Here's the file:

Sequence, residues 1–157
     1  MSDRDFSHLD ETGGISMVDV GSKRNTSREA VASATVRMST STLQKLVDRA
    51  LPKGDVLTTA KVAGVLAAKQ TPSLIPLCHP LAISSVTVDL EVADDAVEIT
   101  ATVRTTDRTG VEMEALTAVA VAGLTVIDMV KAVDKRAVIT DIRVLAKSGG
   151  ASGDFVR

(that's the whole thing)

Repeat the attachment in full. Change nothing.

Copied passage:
Sequence, residues 1–157
     1  MSDRDFSHLD ETGGISMVDV GSKRNTSREA VASATVRMST STLQKLVDRA
    51  LPKGDVLTTA KVAGVLAAKQ TPSLIPLCHP LAISSVTVDL EVADDAVEIT
   101  ATVRTTDRTG VEMEALTAVA VAGLTVIDMV KAVDKRAVIT DIRVLAKSGG
   151  ASGDFVR